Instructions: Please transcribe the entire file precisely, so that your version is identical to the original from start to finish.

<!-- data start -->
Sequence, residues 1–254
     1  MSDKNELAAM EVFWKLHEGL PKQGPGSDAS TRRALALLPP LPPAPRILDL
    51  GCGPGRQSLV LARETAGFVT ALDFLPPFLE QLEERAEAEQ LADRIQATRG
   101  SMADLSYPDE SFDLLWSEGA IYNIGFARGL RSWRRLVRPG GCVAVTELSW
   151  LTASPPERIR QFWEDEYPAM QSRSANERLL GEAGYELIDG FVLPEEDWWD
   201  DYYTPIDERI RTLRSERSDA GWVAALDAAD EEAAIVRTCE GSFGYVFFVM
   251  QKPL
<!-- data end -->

Sequence, residues 1–254
     1  MSDKNELAAM EVFWKLHEGL PKQGPGSDAS TRRALALLPP LPPAPRILDL
    51  GCGPGRQSLV LARETAGFVT ALDFLPPFLE QLEERAEAEQ LADRIQATRG
   101  SMADLSYPDE SFDLLWSEGA IYNIGFARGL RSWRRLVRPG GCVAVTELSW
   151  LTASPPERIR QFWEDEYPAM QSRSANERLL GEAGYELIDG FVLPEEDWWD
   201  DYYTPIDERI RTLRSERSDA GWVAALDAAD EEAAIVRTCE GSFGYVFFVM
   251  QKPL